From Chapter Two:
“…photography is one of the distinctive practices by means of which individuals can establish a distance between themselves and power in order to observe its actions and to do so not as its subjects. Injury to this right, which is simultaneously injury to both the photographer and the photographed, as two citizens of photography- but fundamentally against all of the citizenry of photography- establishes a duty to protect it. If it is not protected, citizens will be deprived of the protection that can be granted by photography as an instrument that employs power that is in the hands of the governed and not only in the the hands of the sovereign or those seeking to win sovereign power.”

Though a couple chapters of Azoulay’s book strayed a bit off-topic, overall it remains a strong and timely statement on photography’s continued importance. An engaging read and worth the time.

Recommended by Matthew Ducmanas, Circulation Supervisor.

Library All-Nighter


Join us on December 6 for an all-night study event in Connelly Library! Refreshments and entertainment will be provided. Additionally there will be a raffle drawing with prizes!

Raffle Rules:

  • On Monday November 18 the library will begin handing out raffle tickets whenever you check material out from the library.
  • You will receive one ticket per library transaction.
  • The more you use the library, the more tickets you will accumulate, and the greater chance you have of winning!
  • You must be present with your ticket at 8pm on December 6 to collect your prize.


  • Grand Prize: $50 cash (1 awarded)
  • Runner-up: $25 cash (1 awarded)
  • USB Flash Drives (2 awarded)
  • A selection of Books and DVDs (5 awarded)

Journal of the Month: 3×3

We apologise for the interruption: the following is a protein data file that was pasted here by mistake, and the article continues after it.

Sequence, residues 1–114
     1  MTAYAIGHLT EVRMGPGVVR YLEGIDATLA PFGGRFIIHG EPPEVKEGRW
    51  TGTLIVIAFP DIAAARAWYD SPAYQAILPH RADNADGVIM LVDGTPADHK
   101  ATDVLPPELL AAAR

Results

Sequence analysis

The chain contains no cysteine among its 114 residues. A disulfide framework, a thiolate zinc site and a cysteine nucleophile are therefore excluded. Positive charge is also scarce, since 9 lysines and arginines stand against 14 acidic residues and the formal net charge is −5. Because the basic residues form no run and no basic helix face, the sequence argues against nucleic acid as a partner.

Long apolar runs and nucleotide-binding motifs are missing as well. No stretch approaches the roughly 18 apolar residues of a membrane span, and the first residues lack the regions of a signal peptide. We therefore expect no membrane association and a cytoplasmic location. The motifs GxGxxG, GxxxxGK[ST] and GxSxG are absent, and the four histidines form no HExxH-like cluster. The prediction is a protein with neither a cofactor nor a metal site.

Issue number 22 marks the final printing of 3×3: The Magazine of Contemporary Illustration, so we are honoring the magazine’s decade-long run as our journal of the month for November 2013. Published in the United States and distributed worldwide, 3×3‘s mission has always been to preserve and promote contemporary illustration in all its forms. Even though this is the last print issue, 3×3 will continue their mission with the juried Annual publication as well as their website, which will offer back issues, blogs, books and soon, new offerings. Be sure to come by the library to browse this issue along with back issues going back to 2006!

Number 22 Features:

  • Interviews with illustrators Aad Goudappel, Harry Campbell and Beppe Giacobbe.
  • The “Spotlight” section features the conceptual artists Paul Garland, Jon Krause, Jon Reinfurt, Anthony Tremmaglia, Jim Tsinganos and James Yang.
  • CareerTalk speaks to the issue of artist’s rights, and a special feature will reproduce the gold medal winners of the 2013 ProShow.

From the Archives: Joseph Moore Jr.

Aside from being the benefactor and namesake of our school, Joseph Moore, Jr. was also a noted financier, manufacturer, traveler, and author. The Joseph Moore Jr. Collection, housed within our archives, reflects the life and interests of this accomplished individual.

Joseph Moore Jr. in 1894 when he was 45 years old.

Born to Joseph and Cecelia Moore in Philadelphia on July 19, 1849, Moore began his business training early in a dry goods house and later in the carriage building business. Despite a promising manufacturing future ahead of him, the young man chose instead to pursue his long held interests in study, travel and literary work.

In 1876 he withdrew from his positions and began what would end up being twelve years of traveling the world, writing books and articles, and furthering his education. Moore traveled throughout Europe, Asia Minor and Africa, and participated in several archaeological expeditions along the way. His travels around the world continued when he studied French in Blois, German in Hanover and international law under the famous Dr. Francis Wharton in Washington D.C. Upon his return to Philadelphia, Moore lectured to schools on his travels and found time to work for several years on the Evening Bulletin newspaper in Philadelphia and other magazines.

“The American Globe Trotters” – George H. Watson, M.D. & Joseph Moore Jr. in the Fall of 1881, just before the two friends started out on an around the world voyage. Moore was 32 years old at the time of this photograph.

During these productive years he authored a number of books including Outlying Europe and the near Orient and The Queen’s Empire, as well as a series of papers collected as Egyptian Obelisk. In 1882, Moore was made a fellow of the Royal Geographical Society and of the French Society of Geography the following year.